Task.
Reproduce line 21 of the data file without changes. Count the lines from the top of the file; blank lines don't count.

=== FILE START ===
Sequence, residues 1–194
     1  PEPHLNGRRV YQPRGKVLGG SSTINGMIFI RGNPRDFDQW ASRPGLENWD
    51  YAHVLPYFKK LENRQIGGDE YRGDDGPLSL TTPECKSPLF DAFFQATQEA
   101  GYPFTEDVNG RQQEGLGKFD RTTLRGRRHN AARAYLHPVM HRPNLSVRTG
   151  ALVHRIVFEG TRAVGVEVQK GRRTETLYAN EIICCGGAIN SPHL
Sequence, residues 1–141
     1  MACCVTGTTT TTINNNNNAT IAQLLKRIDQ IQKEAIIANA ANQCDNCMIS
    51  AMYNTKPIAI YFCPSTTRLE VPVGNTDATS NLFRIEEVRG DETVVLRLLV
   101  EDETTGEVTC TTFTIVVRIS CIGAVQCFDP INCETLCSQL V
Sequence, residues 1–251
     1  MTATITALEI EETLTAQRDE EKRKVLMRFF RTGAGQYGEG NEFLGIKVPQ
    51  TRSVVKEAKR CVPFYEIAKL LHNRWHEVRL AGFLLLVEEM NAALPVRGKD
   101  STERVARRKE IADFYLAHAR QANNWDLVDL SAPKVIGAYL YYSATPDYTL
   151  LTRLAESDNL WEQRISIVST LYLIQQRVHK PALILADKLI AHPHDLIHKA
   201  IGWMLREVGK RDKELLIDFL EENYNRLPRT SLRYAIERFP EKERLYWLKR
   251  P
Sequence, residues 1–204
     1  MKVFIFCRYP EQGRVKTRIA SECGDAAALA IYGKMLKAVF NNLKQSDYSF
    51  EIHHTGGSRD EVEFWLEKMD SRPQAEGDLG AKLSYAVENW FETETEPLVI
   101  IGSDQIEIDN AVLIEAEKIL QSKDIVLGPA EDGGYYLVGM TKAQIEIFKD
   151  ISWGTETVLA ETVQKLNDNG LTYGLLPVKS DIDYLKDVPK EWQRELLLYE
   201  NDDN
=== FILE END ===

   151  ISWGTETVLA ETVQKLNDNG LTYGLLPVKS DIDYLKDVPK EWQRELLLYE